We all know this trick, and have seen various versions of it. Rhett Bryson wrote a whole book about the many variations of this very visual effect. The effect has universal appeal (making money magically). And if you show this effect to laypeople, many are still fooled by it.
SS Adams had this nicely made small version in red plastic with wooden knobs and wood and cloth rollers from the 1950's to 1970's. The rollers have a surprisingly high capacity. Later models used plastic and vinyl for the knobs and rollers, and did not roll as far so had less capacity for changes.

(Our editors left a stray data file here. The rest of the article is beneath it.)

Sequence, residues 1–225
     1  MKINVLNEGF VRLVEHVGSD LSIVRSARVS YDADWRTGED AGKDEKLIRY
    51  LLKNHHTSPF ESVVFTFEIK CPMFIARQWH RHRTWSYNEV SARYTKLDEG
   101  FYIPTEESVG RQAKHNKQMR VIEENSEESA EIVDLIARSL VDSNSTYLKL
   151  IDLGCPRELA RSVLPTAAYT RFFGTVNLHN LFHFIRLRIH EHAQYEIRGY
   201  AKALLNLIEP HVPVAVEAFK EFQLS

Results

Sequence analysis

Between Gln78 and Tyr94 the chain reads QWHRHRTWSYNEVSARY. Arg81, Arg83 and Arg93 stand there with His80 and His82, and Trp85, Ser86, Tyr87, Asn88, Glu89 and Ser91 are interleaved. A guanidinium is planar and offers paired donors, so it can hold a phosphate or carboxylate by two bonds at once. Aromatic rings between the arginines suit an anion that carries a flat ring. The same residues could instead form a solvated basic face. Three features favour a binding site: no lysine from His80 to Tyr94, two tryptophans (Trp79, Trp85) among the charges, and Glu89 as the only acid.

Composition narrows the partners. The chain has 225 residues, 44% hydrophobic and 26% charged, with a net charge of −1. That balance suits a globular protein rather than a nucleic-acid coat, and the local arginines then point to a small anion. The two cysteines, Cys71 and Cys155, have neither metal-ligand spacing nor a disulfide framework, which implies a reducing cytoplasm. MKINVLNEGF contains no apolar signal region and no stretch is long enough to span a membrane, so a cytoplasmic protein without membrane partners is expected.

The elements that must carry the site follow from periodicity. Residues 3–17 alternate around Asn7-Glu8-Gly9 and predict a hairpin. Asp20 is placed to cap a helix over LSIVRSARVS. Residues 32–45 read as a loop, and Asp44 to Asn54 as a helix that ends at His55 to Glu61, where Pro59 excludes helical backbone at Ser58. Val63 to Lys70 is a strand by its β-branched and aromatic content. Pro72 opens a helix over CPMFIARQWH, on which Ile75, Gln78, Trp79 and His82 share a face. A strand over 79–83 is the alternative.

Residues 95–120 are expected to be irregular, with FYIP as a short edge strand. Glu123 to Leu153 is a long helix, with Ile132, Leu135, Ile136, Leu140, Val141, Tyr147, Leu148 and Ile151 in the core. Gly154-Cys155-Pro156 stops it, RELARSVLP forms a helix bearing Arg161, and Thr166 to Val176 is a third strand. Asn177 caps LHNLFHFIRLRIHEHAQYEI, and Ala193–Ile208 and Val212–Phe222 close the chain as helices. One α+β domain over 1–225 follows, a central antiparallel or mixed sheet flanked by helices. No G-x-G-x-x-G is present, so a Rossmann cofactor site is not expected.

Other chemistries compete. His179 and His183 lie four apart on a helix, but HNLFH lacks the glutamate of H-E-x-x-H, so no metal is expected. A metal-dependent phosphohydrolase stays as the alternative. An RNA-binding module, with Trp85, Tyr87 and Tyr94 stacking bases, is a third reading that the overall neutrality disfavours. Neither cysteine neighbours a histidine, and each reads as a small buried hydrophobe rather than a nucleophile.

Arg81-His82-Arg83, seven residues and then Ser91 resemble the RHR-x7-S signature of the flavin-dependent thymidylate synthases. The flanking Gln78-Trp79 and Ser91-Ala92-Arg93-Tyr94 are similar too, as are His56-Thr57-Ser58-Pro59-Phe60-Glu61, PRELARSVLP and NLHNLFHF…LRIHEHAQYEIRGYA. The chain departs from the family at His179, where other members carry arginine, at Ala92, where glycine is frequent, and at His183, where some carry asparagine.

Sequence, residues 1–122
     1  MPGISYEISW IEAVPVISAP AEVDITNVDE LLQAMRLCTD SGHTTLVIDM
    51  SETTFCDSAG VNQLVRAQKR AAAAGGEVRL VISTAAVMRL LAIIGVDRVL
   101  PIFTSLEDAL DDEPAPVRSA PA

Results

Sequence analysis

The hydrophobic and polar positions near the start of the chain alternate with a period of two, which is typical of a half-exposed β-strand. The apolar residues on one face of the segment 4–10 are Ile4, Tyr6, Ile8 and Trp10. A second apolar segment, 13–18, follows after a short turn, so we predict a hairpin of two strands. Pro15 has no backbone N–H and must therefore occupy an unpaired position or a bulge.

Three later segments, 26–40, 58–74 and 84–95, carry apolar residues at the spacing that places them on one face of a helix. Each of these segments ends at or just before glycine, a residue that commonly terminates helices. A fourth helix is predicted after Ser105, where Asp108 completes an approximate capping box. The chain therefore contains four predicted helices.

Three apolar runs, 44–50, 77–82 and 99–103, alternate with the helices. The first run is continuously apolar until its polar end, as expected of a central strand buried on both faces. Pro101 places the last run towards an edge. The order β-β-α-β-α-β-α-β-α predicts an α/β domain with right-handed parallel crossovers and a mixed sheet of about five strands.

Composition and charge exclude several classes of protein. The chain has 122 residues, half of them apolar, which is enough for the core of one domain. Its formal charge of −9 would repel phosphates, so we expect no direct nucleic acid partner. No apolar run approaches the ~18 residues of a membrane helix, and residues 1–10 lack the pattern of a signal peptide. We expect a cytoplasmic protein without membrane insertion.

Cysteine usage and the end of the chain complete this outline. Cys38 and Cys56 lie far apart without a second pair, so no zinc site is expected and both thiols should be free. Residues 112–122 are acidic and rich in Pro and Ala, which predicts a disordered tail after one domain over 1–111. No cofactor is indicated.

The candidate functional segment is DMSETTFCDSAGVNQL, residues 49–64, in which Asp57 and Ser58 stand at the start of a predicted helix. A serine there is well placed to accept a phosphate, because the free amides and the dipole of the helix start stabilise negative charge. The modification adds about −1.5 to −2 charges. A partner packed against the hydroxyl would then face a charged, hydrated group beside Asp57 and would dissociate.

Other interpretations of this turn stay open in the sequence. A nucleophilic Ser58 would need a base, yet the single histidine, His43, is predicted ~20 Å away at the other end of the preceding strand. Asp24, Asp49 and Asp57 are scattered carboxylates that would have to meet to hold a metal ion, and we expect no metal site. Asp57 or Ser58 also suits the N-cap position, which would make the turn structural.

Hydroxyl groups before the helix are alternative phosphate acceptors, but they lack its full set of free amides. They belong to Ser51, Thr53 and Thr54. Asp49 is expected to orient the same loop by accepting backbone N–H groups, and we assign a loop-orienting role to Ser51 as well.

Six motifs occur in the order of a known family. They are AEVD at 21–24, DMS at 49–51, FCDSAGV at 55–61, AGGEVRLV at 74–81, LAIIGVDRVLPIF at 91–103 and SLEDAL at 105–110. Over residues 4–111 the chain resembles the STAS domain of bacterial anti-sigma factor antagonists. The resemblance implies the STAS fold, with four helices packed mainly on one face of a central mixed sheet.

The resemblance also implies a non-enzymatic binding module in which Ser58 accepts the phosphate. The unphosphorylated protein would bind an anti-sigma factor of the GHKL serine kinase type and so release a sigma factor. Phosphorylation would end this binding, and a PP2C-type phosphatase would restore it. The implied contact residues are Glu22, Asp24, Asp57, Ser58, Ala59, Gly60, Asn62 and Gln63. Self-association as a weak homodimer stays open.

This example is probably from the 1970's. The printer is in excellent condition -- no problems or damage. It has the original box, with some damage on the top flap (a small hole torn in one edge, but flap is still otherwise intact and closes tightly) Beside the damage to the top flap, the box is generally in good shape, with no missing flaps.
The instructions here are a photocopy of the original instruction sheet. The trick was issued from Adams with three blank pieces of paper that Adams -- only one of these original sheets is here now, and it is browned with age. (Easily replaced, of course)
This plastic and wood version that is getting increasingly hard to find, so here is a nice example for a serious collector.